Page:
Monday, 27 April 2009

Vacuum Break

Do you know what it feels like when some days are so packed with activities not to mention emotions that when they are over it feels like a void in your mind which expects to be doing something again. Like using some great force to suck all liquid or gas from a container, creating vacuum.

I've had some most enjoyable days. Tiring, too, but that didn't really matter. To prove that, my body woke up around half past four without the alarm, probably following my mind which, even in sleep, didn't want to miss anything.

Never mind the countries - there are these two groups of students, living about 1400 kilometres apart. We visited them in September. I accompanied my students, afraid a little- Will they be polite? -They are not always. Will they be homesick? - Even five days could make you homesick. Will they communicate? - I do teach them English and have been for three years, almost four, how well are we doing when it comes to using it? Will they... be OK? They did fine. "Do we really have to leave?" was the question on the last night. Yes, but they're coming to us in a few months.

And they did. On Tuesday the 21st. We met them at the airport, accompanied them on their bus ride to school and the parents were waiting there with a snack, including a cake with the photo of both groups together. A few words, a bite and the kids (14, 15 yrs old) grabbed a ball and went out to play football. Everyone seemed pretty relaxed and we, the grown-ups, liked that.

In the following days we tried not to fill their days with school-like activities. Yes, we spent some time at school, but then they got to meet in their spare time in the afternoon. Two excursions, a lot of talking, some jokes, getting to know each other... The two grown-ups (the headmistress and a mum) met my mum on our afternoon trip and seemed to enjoy that day altogether, finding out that my sister's daughter is half an hour older than that mum's son whose name, bye the way, is the same as my son's. How small is this world?

Saturday came and we decided to conclude these wonderful days with a barbecue somewhere higher - some 1200 metres above the sea level. The parents chose the location and we all loved it. They also did soooooo much of the work, god bless them! From there we walked to the nearby peak and back (an hour or so altogether), after which the kids felt tired - not from the walk, really, but from all those days, packed wih so many nice things. But they listened to their teacher - no, not me, sorry, the other one. They got up, mixed a little on the grass, playing volleyball, singing, whatever they thought of. The weather which was threatning a little bit at the beginning, did us a favour and got better and better.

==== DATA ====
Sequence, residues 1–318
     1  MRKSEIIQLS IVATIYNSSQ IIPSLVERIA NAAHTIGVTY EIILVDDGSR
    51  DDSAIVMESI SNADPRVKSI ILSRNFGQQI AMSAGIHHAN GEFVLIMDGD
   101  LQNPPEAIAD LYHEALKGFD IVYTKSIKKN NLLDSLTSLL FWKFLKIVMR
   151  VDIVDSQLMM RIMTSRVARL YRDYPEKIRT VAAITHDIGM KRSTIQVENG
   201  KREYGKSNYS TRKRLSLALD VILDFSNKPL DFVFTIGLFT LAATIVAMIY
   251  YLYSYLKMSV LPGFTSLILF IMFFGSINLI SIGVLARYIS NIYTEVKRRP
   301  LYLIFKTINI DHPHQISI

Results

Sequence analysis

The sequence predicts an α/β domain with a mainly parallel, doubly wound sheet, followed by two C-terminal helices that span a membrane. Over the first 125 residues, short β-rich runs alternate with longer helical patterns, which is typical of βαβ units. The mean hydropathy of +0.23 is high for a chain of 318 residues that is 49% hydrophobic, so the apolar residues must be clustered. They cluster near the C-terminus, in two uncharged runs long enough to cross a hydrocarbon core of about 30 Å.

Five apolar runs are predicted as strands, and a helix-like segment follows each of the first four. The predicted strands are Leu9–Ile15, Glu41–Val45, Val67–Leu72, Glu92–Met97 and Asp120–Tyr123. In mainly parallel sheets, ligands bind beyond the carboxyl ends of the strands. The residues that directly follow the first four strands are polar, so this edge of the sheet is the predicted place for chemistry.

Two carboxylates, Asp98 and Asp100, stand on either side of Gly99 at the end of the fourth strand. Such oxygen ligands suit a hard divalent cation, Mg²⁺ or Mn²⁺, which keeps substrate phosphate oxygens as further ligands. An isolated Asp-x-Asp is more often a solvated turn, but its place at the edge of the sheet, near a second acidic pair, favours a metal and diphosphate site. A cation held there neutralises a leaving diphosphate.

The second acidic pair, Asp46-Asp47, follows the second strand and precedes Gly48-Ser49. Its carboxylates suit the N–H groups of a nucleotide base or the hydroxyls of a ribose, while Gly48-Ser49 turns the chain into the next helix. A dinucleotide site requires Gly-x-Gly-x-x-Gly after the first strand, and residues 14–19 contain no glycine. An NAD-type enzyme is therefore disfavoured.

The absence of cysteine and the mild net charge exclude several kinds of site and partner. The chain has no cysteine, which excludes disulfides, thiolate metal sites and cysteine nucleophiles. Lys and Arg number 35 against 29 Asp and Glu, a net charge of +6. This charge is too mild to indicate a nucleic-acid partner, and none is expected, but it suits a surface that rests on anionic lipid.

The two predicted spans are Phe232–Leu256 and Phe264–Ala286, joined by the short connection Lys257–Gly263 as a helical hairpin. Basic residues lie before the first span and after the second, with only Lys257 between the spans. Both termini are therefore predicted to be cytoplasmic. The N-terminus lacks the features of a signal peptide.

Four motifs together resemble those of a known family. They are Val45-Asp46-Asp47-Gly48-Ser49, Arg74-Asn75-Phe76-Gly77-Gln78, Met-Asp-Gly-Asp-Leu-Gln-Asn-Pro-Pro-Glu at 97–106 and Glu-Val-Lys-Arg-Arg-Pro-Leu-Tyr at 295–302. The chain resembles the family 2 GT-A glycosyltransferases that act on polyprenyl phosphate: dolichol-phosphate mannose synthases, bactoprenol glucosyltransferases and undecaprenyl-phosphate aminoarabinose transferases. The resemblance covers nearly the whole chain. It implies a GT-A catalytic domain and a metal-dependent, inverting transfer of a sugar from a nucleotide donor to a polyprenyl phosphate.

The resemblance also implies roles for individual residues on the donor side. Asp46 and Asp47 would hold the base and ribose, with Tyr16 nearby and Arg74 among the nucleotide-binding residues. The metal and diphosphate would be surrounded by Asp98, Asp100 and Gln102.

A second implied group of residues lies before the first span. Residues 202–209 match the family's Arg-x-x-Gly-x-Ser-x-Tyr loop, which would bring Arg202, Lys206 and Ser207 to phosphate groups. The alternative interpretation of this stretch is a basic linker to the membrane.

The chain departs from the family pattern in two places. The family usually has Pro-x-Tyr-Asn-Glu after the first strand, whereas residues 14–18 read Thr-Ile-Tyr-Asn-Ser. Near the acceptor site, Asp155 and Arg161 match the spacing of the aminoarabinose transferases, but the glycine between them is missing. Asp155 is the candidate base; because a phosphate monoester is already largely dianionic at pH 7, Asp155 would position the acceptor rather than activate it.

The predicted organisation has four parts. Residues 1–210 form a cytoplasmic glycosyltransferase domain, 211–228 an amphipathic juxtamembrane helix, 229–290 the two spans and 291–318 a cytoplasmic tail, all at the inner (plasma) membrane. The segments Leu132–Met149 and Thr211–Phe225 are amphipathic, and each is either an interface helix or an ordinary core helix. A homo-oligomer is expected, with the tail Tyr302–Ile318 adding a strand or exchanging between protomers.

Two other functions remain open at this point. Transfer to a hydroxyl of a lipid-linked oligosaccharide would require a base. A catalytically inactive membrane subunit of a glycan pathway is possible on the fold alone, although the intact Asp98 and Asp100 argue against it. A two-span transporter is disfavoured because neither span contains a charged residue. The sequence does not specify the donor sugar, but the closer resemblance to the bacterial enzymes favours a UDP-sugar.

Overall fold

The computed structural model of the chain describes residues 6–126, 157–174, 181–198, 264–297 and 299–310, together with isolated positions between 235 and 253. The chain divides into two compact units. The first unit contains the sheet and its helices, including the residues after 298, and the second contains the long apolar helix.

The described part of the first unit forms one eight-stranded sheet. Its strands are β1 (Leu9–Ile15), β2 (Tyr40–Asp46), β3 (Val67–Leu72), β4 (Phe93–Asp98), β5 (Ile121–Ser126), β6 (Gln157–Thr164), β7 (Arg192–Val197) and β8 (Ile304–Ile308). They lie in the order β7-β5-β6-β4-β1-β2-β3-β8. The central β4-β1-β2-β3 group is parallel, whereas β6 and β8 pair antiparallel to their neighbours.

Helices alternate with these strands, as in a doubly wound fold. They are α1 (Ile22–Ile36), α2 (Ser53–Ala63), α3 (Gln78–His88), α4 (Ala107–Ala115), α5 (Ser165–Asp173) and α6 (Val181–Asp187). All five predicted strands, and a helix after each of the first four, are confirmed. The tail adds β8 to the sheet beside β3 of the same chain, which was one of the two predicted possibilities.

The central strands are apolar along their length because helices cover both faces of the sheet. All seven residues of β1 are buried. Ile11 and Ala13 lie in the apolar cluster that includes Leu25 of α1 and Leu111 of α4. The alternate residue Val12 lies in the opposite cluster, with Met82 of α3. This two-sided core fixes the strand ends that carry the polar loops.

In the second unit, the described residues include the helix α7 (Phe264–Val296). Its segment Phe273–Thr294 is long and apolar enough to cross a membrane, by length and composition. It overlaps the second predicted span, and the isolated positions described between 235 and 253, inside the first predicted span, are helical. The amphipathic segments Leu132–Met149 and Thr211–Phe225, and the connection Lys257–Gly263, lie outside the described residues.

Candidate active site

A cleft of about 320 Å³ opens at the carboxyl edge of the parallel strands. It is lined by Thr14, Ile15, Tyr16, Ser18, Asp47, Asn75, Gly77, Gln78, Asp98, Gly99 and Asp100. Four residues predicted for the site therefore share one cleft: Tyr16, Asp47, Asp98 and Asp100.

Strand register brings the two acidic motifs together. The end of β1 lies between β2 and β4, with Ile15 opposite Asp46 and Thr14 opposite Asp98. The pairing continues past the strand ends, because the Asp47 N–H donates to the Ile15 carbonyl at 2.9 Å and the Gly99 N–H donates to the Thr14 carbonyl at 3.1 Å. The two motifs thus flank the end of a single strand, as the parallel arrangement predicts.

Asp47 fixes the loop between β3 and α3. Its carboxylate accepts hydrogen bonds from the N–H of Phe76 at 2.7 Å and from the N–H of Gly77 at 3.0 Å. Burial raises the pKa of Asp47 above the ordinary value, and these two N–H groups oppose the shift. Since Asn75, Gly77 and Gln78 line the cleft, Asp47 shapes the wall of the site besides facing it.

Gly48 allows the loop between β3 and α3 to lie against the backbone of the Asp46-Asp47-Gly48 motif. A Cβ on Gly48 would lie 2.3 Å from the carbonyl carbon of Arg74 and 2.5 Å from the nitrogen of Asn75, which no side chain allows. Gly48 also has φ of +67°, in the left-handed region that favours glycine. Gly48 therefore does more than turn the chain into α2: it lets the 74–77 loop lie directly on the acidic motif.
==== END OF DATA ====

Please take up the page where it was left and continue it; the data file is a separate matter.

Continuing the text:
We were al trying to comprehend what we were experiencing and feeling. And feeling was a great part of it. On Thursday - "trip to mum's place" day - we had dinner at my place and I asked my daughter how she found the two omen who accompanied the students. "I'm so glad they are not uptight," she said. Indeed they aren't. I felt like we had known each other for years. And we could talk about anything. And we all feel that this MUST GO ON.

Yep, I feel lucky again. I told the parents and the students about it. Lucky to be surrounded with such people in this time when we can do this exchange and take our students so far to learn about the world. My contribuition was small. really, just a few trips and some worries, after all the organizing, done by others. Yep, lucky.

After reading what I wrote above, you may wonder: "What' the big deal?"

You should've been there to know and understand. To feel. That positive energy among all these people. Among these teenagers whom we tend to find dificult and you know - teenager-like. Among their parents who hope it doesn't stop here. Among the students' younger siblings who are already asking if they, too, will be able to go when they're in the 8th or 9th grade....

We didn't say goodbye, just "see you", still we didn't want to let them go. Many hugs and good wishes - yes, they're great huggers - and plans for the future.

And now I'm having a break. A week off. Not even school. After such a full week. And I' alone. My son's out, my daughter went to Rome, the afternoon is all mine. It feels like vacuum. But like tiredness, I know this, too comes from something nice. And I have the opportunity to think things over, prepare for next week and it gives me time to feel this LUCKY feeling.


  1. Oh wow that sounds great! Out of curiousity though Minka, where was this school group from? You dont' say in your post, and I'm too new to reading you to know from any past post, let alone where I may find it.

    You know, you have got to be one of the luckiest people alive, you truly are blessed :)

  2. Oh I know I know I know... Really!

  3. Have a fabulous break! We all need them!

    Sounds like the kids did wonderfully.

  4. Yes, they did. Seeing the parents it is not surprising. They are being raised by wonderful people.

  5. Skye, from Denmark. :) and those 2 teachers who visited us really were fun ;)

  6. Yes, Skye, Denmark - Slovenia. I'll "support" that with some photos in the following days. Maybe not before next week - I don't have that many from their visit.

  7. Thank you both, Poppy and Minka!